The effect of the new national-security law that China imposed on Hong Kong is extending far beyond the territory to American college campuses.
Classes at some elite universities will carry a warning label this fall: This course may cover material considered politically sensitive by China. And schools are weighing measures to try to shield students and faculty from prosecution by Chinese authorities.
At Princeton University, students in a Chinese politics class will use codes instead of names on their work to protect their identities. At Amherst College a professor is considering anonymous online chats so students can speak freely. And Harvard Business School may excuse students from discussing politically sensitive topics if they are worried about the risks.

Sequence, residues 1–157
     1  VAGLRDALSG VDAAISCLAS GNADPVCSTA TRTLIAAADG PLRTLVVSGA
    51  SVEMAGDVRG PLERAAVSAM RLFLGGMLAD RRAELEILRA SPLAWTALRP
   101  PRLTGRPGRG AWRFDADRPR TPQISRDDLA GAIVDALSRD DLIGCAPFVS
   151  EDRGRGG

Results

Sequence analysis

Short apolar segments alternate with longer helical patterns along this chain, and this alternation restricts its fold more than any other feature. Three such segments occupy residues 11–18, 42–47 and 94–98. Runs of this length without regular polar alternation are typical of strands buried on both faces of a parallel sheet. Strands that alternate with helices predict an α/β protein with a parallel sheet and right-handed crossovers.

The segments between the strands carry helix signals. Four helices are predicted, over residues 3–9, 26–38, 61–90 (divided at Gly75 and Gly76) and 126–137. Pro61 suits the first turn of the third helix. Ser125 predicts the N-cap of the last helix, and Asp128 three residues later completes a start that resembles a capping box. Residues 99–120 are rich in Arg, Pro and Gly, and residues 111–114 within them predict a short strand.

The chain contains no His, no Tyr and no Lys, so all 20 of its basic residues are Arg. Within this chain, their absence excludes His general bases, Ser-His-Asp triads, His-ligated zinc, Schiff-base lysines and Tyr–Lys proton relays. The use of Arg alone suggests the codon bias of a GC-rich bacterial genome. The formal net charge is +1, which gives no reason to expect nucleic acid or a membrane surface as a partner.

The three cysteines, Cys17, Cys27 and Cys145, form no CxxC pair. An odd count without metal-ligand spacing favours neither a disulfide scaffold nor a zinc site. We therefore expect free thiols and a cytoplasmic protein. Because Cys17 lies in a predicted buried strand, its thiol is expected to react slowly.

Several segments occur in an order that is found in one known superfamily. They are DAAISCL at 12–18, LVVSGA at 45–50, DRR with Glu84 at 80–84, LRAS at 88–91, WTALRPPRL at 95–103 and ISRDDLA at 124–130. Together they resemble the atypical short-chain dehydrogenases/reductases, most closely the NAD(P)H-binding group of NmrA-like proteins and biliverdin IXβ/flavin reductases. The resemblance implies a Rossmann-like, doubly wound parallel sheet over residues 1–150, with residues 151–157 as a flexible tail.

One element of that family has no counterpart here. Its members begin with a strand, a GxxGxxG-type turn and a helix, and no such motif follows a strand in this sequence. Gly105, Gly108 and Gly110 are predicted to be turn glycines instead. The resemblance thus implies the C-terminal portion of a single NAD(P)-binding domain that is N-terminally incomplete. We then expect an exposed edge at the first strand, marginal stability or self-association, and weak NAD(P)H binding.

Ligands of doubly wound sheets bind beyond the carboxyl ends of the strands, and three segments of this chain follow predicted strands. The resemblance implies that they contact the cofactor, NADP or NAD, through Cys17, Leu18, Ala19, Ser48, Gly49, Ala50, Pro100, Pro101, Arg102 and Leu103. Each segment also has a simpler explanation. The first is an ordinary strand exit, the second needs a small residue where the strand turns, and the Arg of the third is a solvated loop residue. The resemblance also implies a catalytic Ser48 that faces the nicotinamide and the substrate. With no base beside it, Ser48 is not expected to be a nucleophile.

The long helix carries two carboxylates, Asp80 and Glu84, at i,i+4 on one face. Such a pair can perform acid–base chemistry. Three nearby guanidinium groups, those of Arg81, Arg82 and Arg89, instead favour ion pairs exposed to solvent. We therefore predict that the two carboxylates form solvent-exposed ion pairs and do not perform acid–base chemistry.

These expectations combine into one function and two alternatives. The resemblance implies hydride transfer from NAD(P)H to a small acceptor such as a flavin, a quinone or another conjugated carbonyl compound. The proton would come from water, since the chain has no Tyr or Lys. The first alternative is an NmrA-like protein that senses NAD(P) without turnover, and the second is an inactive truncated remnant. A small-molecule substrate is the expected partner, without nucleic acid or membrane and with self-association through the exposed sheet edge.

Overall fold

The issue has become particularly pressing because at least the first semester at many universities will be taught online, meaning some students from China and Hong Kong will connect with their U.S. classmates via video links. Some academics fear the classes could be recorded and ultimately end up in the hands of Chinese authorities.